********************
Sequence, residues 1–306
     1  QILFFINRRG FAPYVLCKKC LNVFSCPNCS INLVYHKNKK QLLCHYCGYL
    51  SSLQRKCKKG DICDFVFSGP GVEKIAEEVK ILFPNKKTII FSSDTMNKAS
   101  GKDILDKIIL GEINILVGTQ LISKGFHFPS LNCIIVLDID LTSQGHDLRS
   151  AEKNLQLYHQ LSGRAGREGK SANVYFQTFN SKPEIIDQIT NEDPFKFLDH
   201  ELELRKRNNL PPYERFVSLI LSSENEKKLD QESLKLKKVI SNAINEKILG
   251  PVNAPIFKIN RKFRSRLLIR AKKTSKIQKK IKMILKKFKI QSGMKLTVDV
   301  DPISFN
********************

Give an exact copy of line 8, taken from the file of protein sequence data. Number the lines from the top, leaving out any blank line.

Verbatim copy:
   301  DPISFN